The question of whether government-issued dietary guidance should address sustainability has been in the headlines. A report issued by the US Dietary Guidelines Advisory Committee (DGAC) earlier this year recommended that sustainability be a factor in determining the 2015 Dietary Guidelines for Americans (DGAs).
In an effort to influence the final decision of the secretaries of Health and Human Services and Agriculture, both pro- and anti-sustainability petitions emerged. Campaigns on Change.org amassed signatures, including a cleverly titled “Hands Off My Hot Dog” petition initiated by the meat industry; members of Congress weighed in with letters to the Obama administration, including one cosigned by 30 senators and another by 71 representatives, demanding rejection of sustainability considerations and questioning the scientific integrity of the DGAC process; and the “My Plate, My Planet” coalition of sustainability advocates purchased full-page advertisements in newspapers to publicly urge inclusion of sustainability.
The melee all came to a screeching halt October 6 when the secretaries posted a blog declaring that sustainability was outside the scope of the DGAs and would be excluded from the final guidelines, which are expected in December. While we very much wanted a different decision, we see many positives coming from the debate and remain optimistic.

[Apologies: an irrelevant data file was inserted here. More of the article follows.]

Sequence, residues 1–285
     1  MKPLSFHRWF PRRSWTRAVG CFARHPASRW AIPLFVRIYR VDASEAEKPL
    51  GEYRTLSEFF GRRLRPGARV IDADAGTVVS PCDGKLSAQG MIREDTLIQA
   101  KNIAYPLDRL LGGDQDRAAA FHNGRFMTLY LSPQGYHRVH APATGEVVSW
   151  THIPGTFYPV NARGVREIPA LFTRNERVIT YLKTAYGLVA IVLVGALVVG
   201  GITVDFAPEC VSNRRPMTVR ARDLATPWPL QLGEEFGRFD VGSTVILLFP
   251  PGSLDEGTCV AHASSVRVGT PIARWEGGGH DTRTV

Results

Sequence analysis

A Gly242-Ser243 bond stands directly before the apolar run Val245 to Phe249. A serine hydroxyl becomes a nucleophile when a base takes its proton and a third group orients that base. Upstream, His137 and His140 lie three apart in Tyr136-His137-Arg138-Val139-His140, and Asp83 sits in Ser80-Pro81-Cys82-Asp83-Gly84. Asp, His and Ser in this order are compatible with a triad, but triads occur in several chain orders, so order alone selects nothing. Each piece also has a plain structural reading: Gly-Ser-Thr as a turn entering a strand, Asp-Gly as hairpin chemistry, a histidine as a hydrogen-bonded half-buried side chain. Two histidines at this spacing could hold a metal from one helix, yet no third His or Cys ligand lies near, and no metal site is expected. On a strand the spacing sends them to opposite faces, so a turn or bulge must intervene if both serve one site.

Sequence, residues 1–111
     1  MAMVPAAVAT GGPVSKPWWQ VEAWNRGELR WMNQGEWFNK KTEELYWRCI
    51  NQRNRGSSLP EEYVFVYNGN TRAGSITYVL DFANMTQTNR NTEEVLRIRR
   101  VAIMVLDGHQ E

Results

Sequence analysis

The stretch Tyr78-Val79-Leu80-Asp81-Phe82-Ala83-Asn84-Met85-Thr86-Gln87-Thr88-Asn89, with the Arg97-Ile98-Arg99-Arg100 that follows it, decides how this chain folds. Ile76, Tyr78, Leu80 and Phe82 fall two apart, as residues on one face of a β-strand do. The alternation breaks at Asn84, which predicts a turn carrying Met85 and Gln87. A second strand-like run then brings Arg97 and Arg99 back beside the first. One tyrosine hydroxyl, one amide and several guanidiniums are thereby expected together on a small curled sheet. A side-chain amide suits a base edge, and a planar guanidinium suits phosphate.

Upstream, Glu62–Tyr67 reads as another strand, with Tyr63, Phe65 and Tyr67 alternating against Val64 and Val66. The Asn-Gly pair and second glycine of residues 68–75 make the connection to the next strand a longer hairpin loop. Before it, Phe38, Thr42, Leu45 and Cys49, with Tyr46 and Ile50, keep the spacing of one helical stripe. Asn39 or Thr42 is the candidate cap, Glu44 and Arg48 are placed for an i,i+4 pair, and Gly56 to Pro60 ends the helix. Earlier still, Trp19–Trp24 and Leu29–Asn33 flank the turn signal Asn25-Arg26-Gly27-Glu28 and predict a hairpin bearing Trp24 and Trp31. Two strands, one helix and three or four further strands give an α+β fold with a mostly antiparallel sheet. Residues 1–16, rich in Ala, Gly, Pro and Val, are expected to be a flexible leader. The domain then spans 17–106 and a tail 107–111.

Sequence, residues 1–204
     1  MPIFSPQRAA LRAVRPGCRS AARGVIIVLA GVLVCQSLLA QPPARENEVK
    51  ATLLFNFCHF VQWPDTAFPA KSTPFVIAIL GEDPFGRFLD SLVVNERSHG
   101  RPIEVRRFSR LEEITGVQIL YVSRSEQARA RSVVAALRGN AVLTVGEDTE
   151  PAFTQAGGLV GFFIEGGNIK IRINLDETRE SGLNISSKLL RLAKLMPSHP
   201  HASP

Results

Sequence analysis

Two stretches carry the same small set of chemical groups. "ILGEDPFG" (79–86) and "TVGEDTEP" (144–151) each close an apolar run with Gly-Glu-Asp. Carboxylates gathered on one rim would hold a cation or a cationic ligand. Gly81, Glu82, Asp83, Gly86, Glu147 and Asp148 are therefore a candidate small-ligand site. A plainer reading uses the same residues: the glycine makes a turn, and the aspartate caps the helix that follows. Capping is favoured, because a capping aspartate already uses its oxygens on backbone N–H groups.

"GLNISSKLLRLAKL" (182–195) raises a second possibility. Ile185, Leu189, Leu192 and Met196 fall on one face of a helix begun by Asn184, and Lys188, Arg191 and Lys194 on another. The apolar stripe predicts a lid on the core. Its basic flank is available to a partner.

Why? The American public has awoken to the issue of sustainability in dietary guidance, and their interest and demands are not likely to dissipate.
According to Health and Human Services Secretary Sylvia Burwell, of the 29,000 public comments received on the DGAs during this year’s comment period, 19,000 focused on sustainability, and of those, 97% were positive on its inclusion. Notably, the US Conference of Mayors passed a resolution supporting sustainability in the DGAs. Clearly, consensus is building.
As the lone member of the House Agriculture Committee to support sustainability during the hearing on changing the guidelines, Representative Jim McGovern lamented “that sustainability seems to be such a dirty word for some of my colleagues.”
As academics who have studied sustainability and food, we are among the people who believe that ordinary citizens are ready to confront the politics of the plate, even though Congress and the administration are unwilling to tackle the food industry pushback against sustainability.
In the October 9 edition of Science, we wrote about the political maneuvering under way to excise sustainability from DGA discussions, but we paid little attention to the science supporting the need to do so.
The reason is simple: the science is there, it is not complicated and the results are neither surprising nor controversial within the scientific community.